Tedizolid Population Pharmacokinetics, Exposure Response, and Target Attainment
Antimicrobial Agents and Chemotherapy November 2014 V.58 N.11 P.6462-6470
Flanagan, J. Passarell, Q. Lu, J. Fiedler-Kelly, E. Ludwig, and P. Prokocimer
aCubist, San Diego, California, USA
bCognigen Corporation, Buffalo, New York, USA
Tedizolid phosphate is a novel antibacterial prodrug that is rapidly and extensively converted to its active moiety, tedizolid. We developed a population pharmacokinetics (PK) model for tedizolid using pooled data from seven densely and sparsely sampled clinical trials evaluating oral and intravenous tedizolid.
Model-derived exposure estimates were evaluated for relationships to select efficacy and safety outcomes. A two-compartment model with sigmoidal absorption, absolute bioavailability, and linear elimination described the PK data well.
Variability was small (clearance, 31% coefficient of variation; volume, 13.4% coefficient of variation), and absolute bioavailability was high (86%). No clinically significant covariate effects on tedizolid PK were found.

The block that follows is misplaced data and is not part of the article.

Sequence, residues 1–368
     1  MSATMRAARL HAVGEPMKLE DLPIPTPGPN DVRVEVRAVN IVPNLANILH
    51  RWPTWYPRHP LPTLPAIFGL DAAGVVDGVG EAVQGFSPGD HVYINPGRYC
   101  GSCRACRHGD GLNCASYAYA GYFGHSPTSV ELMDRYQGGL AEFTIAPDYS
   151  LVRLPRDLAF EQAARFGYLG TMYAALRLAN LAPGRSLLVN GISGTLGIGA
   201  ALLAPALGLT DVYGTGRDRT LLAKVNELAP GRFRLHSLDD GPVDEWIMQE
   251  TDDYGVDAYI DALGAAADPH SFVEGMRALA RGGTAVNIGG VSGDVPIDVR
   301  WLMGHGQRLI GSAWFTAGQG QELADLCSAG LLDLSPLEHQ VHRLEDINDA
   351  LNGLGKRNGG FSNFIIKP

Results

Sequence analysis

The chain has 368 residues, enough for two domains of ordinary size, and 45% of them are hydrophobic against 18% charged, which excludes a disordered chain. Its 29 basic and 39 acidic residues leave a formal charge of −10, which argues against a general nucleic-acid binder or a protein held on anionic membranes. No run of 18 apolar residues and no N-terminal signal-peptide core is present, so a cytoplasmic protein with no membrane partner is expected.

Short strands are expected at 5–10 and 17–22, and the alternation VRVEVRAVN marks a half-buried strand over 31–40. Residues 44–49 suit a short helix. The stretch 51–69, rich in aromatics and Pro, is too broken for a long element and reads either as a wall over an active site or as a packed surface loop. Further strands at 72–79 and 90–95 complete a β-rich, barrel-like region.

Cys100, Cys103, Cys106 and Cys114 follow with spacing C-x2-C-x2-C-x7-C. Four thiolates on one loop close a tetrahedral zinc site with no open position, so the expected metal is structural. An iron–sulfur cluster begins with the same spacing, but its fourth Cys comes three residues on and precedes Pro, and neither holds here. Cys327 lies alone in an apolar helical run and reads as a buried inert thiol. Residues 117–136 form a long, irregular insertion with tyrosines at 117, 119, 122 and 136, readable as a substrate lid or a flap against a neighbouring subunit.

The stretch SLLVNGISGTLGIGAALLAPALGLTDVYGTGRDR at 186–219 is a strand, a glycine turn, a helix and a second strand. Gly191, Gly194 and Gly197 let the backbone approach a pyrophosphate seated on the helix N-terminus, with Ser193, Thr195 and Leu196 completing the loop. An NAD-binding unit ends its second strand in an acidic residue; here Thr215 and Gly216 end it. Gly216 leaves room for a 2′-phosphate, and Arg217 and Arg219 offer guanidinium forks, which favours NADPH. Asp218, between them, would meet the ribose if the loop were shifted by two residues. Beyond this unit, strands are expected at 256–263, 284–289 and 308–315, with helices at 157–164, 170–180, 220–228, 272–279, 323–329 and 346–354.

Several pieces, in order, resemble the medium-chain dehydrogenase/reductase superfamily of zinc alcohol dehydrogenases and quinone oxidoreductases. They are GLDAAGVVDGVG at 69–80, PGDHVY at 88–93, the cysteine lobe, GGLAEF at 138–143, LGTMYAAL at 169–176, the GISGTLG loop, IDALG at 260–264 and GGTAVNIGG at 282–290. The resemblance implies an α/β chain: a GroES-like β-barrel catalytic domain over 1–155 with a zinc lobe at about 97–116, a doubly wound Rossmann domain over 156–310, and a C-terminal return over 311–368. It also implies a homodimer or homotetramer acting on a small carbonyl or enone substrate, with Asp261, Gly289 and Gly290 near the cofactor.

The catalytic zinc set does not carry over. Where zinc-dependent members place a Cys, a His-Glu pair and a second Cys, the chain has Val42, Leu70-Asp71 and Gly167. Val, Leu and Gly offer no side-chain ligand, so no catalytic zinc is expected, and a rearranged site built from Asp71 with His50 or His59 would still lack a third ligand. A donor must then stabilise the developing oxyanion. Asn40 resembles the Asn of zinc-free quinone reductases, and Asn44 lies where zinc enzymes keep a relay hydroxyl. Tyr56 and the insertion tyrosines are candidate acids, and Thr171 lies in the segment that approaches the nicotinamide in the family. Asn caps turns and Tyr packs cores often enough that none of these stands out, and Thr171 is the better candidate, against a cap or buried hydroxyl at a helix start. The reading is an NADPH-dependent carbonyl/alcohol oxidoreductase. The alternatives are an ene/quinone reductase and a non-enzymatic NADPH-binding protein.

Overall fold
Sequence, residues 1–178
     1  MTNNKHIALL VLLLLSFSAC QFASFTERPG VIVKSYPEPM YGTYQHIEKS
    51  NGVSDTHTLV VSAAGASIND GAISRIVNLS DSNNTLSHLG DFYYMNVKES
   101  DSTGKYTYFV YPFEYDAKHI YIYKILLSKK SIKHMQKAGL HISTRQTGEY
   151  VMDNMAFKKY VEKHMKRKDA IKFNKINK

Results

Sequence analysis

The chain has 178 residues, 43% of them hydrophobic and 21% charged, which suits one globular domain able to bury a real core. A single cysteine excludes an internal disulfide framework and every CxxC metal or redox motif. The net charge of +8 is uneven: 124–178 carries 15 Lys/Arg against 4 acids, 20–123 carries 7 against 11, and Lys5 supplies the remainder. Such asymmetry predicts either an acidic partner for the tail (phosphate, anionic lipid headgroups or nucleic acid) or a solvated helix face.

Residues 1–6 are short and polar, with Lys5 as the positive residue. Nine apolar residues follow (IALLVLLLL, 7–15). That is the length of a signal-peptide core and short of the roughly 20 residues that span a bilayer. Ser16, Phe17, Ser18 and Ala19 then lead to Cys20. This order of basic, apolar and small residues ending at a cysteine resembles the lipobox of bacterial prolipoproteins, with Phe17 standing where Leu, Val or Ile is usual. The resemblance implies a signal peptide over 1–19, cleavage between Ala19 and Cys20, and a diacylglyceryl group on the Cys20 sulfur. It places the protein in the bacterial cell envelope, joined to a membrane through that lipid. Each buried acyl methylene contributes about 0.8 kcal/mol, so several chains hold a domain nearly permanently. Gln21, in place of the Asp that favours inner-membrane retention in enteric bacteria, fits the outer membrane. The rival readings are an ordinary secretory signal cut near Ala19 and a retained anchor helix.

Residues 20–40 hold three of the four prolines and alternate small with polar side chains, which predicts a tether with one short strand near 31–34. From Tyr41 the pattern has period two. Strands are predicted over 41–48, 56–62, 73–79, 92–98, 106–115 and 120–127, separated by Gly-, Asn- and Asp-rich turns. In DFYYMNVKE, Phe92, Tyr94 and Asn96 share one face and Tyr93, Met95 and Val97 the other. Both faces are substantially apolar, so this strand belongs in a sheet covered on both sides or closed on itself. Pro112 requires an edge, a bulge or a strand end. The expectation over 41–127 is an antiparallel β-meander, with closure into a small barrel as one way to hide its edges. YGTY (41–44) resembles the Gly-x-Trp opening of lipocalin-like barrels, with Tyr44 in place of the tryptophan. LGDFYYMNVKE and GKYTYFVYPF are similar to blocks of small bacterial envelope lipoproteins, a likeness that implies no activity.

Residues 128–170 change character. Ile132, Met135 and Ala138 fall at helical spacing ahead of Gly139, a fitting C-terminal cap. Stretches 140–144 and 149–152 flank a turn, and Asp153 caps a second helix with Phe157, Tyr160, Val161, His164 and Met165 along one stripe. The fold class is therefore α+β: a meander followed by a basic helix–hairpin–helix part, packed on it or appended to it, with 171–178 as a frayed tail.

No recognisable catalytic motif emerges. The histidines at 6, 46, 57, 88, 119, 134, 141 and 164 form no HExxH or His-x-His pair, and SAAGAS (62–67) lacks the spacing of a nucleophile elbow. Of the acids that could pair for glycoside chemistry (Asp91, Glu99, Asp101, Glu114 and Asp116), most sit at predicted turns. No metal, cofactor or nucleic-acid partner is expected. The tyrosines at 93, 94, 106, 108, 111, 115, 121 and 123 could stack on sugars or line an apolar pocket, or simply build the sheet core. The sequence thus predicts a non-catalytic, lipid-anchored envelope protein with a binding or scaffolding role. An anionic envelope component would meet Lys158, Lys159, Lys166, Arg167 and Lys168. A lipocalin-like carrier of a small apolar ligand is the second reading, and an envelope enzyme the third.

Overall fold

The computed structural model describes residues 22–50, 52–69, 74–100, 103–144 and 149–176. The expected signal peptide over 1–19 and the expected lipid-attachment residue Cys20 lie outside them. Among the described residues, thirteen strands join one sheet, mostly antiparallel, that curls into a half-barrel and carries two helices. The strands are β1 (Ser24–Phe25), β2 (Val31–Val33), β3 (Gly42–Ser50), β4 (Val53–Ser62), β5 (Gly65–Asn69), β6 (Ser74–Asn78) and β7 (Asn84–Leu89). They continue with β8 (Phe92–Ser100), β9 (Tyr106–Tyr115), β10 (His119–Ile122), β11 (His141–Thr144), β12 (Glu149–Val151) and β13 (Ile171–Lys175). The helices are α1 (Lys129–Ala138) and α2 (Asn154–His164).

Based on phase 3 data evaluating 200-mg once-daily tedizolid for acute bacterial skin and skin structure infections (ABSSSI), no relationships were seen between various efficacy outcomes and estimated tedizolid exposure; the estimated exposure range (free-drug area under the concentration-time curve over 24 h at steady state [AUCss(0–24)], 7 to 50 μg · h/ml) in these patients was modest.
Safety data modeling, using once-daily doses of up to 400 mg, showed a small increase in the probability of an adverse event with increasing model-estimated tedizolid exposure; no such relationship was observed when specifically evaluating the 200-mg dose.
There were no trends in neutrophil or platelet counts with increasing tedizolid exposure.
Target attainment simulations for 200-mg tedizolid indicated a 98.31% probability of attaining the target measure (AUC for the free, unbound fraction of a drug [fAUC]/MIC = 3) against a Staphylococcus aureus strain for which the MIC was ≤0.5 μg/ml.
These findings support 200-mg tedizolid once daily as the optimum dose for treatment of ABSSSI.